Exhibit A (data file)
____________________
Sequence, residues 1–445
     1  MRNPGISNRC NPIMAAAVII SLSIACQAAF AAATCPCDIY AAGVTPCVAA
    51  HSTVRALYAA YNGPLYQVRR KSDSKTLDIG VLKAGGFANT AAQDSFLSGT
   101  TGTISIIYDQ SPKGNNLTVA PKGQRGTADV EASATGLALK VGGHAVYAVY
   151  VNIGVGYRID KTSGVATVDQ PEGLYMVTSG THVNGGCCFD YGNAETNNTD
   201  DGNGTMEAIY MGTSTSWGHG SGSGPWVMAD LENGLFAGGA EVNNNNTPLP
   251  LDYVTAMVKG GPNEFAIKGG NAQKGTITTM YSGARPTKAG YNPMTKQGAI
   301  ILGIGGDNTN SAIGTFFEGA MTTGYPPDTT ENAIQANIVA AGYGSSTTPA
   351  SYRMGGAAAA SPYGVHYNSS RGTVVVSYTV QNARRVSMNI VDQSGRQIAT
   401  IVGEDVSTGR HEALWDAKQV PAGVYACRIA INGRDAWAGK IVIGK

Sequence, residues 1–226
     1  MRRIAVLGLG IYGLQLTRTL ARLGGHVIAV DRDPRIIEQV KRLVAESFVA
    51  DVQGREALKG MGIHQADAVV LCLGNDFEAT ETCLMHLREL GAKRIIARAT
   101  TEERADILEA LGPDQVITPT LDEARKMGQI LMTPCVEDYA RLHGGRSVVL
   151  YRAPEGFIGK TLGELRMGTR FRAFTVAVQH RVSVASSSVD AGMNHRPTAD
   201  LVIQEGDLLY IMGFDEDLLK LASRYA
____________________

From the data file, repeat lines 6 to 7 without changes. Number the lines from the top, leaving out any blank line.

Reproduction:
   201  DGNGTMEAIY MGTSTSWGHG SGSGPWVMAD LENGLFAGGA EVNNNNTPLP
   251  LDYVTAMVKG GPNEFAIKGG NAQKGTITTM YSGARPTKAG YNPMTKQGAI